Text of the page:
More than three-fourths of our Christian Bible is written in Hebrew. The remainder (the New Testament) is written in Greek. O, how thankful we should be for the men and women who have devoted themselves to mastering these languages so that reliable translations and helpful commentaries could be written for those today who can’t read the Bible in its original Hebrew and Greek! Let us never belittle scholarship and erudition! If it were not for scholars, there would be no English Bible!
Nor should we think that the scholarly task is over, for two reasons:
1) There are many places in the Bible that are impossible to understand precisely because the original vocabulary or grammar is still obscure to scholars. Often at the bottom of your page you will see a note which says “Hebrew obscure” or “Hebrew uncertain” (for example, in the book of Job). Which means that the scholars don’t have enough evidence to decide what a Hebrew word or phrase means. But maybe we will find that evidence. And so there must continue to be serious biblical scholars who devote themselves to such labors.
2) The other reason the scholarly task is not over is that our English language keeps changing and so new translations are needed now and then. At such times we are dependent upon those who know Greek and Hebrew to guide such translation projects (like the recent New International Version).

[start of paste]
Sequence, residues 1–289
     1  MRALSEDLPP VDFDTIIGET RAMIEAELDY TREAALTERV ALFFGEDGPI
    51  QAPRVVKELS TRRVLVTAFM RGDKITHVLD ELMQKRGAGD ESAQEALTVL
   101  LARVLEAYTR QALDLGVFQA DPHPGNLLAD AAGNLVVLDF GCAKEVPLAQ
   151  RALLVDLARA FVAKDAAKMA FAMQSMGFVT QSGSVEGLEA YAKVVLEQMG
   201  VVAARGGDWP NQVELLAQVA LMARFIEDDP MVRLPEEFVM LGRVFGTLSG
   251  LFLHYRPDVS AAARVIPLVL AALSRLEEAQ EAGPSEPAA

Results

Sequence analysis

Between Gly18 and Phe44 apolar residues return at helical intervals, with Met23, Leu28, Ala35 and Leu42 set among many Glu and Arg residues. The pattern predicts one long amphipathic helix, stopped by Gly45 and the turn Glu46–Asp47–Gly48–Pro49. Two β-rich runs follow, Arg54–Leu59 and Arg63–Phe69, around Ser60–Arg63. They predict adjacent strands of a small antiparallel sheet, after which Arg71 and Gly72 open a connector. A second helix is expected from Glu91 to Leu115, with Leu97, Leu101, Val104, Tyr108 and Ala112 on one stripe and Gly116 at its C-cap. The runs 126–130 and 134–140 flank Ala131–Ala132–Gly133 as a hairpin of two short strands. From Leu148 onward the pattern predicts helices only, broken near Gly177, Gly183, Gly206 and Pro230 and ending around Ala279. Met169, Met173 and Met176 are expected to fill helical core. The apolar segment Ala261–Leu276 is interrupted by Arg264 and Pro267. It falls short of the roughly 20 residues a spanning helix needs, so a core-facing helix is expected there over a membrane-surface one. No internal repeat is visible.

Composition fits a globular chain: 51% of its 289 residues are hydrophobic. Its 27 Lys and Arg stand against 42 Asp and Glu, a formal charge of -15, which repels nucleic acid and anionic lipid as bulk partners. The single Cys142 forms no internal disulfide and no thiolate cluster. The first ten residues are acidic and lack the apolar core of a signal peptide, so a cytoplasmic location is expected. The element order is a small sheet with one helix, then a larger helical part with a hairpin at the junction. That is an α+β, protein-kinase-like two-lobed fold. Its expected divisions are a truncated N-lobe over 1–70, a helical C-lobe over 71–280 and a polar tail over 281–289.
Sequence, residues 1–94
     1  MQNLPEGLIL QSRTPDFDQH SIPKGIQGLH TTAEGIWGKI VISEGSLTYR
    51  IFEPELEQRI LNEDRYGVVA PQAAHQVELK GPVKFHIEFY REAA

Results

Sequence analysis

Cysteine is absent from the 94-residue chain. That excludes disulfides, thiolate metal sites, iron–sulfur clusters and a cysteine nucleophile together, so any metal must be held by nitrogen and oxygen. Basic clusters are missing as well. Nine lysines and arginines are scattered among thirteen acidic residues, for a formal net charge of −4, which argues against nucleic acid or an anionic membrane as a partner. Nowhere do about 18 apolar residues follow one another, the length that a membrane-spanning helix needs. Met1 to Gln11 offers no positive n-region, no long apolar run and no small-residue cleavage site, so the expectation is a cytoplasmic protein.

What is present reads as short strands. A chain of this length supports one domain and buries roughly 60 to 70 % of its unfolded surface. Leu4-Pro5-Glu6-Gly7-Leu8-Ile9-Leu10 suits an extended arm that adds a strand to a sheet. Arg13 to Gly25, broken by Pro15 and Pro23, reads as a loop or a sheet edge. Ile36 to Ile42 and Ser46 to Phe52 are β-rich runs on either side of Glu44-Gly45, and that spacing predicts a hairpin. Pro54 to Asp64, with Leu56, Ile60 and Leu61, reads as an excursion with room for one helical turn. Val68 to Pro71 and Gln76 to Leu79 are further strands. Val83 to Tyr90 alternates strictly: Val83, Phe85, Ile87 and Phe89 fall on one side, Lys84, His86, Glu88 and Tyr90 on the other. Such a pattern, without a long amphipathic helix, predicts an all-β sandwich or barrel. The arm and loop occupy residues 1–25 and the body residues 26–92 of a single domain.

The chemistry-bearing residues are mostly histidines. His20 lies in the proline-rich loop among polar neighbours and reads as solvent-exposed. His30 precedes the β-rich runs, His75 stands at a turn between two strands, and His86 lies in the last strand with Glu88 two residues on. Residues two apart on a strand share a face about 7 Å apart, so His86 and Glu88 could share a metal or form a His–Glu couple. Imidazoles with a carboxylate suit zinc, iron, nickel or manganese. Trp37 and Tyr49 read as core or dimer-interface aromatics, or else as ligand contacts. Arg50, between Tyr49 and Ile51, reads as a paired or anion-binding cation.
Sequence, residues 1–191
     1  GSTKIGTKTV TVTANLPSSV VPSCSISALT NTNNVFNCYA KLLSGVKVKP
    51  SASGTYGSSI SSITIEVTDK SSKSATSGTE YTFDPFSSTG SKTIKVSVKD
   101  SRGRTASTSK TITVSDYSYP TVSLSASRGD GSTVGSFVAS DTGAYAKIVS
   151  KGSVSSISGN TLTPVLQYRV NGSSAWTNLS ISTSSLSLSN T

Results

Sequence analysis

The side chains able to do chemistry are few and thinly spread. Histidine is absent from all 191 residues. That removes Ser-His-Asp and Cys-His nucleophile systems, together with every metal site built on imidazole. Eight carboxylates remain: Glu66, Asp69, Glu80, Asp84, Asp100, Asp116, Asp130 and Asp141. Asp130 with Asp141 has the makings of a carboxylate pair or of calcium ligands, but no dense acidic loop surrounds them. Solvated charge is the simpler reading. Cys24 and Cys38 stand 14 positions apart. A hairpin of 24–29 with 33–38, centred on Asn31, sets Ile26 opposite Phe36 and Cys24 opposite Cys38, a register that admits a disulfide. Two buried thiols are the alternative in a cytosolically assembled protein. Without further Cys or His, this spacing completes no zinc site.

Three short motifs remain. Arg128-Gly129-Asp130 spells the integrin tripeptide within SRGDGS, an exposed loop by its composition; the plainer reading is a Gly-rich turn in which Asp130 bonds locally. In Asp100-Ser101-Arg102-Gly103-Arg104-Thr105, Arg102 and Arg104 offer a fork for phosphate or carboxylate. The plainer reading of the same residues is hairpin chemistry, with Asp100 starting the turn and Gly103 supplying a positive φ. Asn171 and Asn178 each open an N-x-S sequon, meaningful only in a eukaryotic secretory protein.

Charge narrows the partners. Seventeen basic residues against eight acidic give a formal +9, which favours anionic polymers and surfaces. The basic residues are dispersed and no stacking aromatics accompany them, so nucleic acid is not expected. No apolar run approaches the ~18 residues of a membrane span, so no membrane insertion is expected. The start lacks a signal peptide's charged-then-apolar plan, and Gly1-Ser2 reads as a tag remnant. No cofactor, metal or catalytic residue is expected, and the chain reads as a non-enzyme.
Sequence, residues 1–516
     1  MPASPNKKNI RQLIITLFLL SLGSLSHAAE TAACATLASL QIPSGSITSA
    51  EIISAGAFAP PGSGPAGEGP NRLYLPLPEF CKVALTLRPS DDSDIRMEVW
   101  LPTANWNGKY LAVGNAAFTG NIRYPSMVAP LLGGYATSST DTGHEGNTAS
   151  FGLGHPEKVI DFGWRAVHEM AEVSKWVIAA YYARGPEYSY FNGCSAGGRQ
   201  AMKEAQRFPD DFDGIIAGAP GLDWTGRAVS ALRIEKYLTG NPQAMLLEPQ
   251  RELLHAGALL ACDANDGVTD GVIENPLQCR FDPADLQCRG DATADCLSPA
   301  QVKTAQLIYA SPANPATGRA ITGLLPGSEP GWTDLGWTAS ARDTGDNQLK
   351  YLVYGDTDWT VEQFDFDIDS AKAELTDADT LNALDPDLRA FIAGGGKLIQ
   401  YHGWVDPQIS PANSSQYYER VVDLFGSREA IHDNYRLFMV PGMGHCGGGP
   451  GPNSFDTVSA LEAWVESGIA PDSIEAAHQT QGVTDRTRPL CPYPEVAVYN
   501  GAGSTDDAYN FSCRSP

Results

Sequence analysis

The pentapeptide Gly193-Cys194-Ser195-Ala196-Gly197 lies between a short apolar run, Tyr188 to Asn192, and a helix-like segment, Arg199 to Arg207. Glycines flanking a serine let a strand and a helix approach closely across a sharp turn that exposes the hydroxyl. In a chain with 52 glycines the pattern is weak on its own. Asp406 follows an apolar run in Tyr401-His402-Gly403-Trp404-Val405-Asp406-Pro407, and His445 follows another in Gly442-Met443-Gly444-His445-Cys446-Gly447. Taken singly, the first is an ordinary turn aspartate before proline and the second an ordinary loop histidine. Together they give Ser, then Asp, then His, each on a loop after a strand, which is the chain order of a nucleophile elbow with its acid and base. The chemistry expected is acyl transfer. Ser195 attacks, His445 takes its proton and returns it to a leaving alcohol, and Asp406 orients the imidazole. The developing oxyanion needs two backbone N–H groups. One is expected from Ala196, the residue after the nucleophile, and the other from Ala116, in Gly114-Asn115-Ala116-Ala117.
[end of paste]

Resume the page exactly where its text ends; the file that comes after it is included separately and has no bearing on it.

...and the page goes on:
For these and other good reasons the task of biblical scholarship is never done. So if you have a child or know young people who are inclined to pursue a scholarly vocation, don’t discourage them. They are essential servants in the body of Christ. God forbid that we should ever be among those who debunk the scholarly enterprise as irrelevant! Should we smack the hand that feeds us?
Not at Bethlehem, the “house of bread”! In Hebrew Beth-lehem is two words and means “house” (Beth as in Beth-el, “house of God”) and “bread” (lehem). The Hebrew language is read from right to left, and so Bethlehem is written like this:
The little dots are the vowels. The big letters are the consonants. So we are a “house of bread.” O, that people might always feed on Christ the living bread when they come to Bethlehem! Might we all be nourished not only by natural bread, but “by every word that comes forth from the mouth of God” (Deuteronomy 8:3)! But yes by natural bread too, as in the early church: “They devoted themselves to the apostles’ teaching and fellowship, to the breaking of bread and to prayer” (Acts 2:42).
Can we be a people with hearts large enough to embrace with gratitude both the scholarly enterprise and the simple joy of breaking bread together? What a great example we would be!